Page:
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Pensions in International Divorce: What To Look Out For

Date: 27/02/2024 Type: Articles Topic: Private Client | Trusts | Wills and Estates | Inheritance | Next Generation Wealth | Investment and HNWI’s | Tax |

Is your client going through a divorce in a foreign jurisdiction but they or their spouse has an English pension? Or are they contemplating divorcing in England but have foreign pensions? This area has potential trips and pitfalls so it is important you identify this early and consider the implications ideally before the divorce is even issued. 

Foreign divorces where there is an English pension

Your client might now be living in another jurisdiction, but has spent considerable time in England, during which period they built up an English pension. The English pension could even be the only asset that the couple still own in England, meaning they might be prone to forget about it in the context of their divorce, but it is important to cover off this area with them in initial discussions.   

An English pension cannot be shared without an English court pension sharing order, or “PSO”. A foreign court order that says that all pensions in a divorce should be shared will not be applicable to, or enforceable against, an English pension. If a divorce is completed abroad and the parties have a foreign court order dealing with the finances associated with that divorce, it is therefore required that they also get an English PSO. The only way to do this is to make an application to the English courts under Part III of the Matrimonial and Family Proceedings Act 1984, commonly known as a “Part III claim”. This law enables the English court to review a foreign financial order associated with divorce, and possibly provide further financial provision to the applicant above and beyond the foreign order.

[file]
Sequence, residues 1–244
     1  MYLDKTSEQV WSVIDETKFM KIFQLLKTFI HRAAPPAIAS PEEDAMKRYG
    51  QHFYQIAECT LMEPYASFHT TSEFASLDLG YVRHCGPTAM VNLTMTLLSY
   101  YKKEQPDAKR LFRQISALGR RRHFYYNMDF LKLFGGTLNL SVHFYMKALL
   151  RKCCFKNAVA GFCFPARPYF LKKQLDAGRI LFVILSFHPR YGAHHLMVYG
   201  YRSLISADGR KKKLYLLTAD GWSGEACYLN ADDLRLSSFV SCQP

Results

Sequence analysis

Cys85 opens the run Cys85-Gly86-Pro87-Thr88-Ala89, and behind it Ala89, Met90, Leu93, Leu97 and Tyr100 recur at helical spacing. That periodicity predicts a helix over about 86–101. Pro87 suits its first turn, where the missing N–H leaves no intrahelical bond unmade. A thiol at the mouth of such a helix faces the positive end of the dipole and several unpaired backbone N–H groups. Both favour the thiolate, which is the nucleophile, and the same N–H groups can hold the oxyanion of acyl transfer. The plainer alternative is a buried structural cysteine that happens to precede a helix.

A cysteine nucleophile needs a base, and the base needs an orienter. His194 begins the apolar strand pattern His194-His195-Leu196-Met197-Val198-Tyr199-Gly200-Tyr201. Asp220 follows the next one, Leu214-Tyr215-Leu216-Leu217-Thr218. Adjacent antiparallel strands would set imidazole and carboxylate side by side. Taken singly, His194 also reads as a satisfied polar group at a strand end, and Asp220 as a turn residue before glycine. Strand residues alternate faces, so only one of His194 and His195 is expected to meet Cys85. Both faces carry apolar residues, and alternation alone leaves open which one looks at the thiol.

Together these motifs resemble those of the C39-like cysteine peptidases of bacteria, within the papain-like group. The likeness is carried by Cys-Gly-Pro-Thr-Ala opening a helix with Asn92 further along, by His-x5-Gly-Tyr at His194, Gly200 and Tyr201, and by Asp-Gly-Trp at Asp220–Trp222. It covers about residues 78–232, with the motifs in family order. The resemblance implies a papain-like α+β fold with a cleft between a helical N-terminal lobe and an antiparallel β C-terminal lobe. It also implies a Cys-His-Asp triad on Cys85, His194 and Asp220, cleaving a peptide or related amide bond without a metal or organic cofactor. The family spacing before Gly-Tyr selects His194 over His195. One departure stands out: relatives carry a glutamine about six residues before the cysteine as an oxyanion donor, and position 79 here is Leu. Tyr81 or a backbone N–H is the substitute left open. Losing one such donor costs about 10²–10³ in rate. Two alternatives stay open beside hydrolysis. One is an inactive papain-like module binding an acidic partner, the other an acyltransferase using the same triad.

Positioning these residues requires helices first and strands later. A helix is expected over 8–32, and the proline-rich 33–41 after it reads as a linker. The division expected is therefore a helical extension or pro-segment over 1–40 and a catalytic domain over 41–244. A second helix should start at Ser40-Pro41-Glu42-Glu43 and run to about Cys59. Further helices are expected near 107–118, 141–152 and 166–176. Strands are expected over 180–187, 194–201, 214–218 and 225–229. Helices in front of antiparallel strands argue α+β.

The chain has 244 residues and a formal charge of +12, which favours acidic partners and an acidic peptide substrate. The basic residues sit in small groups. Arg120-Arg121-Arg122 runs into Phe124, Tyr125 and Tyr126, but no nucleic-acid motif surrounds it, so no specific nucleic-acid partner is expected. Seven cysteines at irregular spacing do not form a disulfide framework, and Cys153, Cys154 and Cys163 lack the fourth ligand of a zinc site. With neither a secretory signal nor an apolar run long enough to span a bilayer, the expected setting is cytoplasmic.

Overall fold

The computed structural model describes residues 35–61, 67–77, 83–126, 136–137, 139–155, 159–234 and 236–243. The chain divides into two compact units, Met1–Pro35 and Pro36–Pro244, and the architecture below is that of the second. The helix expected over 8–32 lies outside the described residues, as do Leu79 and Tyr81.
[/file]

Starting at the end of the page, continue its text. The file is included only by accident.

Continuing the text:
The criteria to qualify for a Part III claim is that the divorce in the other jurisdiction was legally valid; the applicant has not remarried since that divorce; and that there is a “sufficient connection” with England. Parties will have a “sufficient connection” if either of them are domiciled in England and Wales (and were so at the time of the foreign divorce), or if either of them have been habitually resident in England and Wales for a year before the Part III claim is made.

Prior to Brexit, there was an additional limb of the “sufficient connection” test that enabled you to alternatively qualify under Article 7 of the Maintenance Regulation (Council Regulation (EC) no 4/2009).  Article 7 is called the “Forum Necessitatis’” limb. Essentially this allowed for England to secure jurisdiction for a Part III claim, on an exceptional basis, if no court of any other EU country has jurisdiction on any other ground. This made applications under Part III for an English PSO possible for parties who were non-EU nationals, resident outside of the EU, and with no connection to England other than the presence of the pension.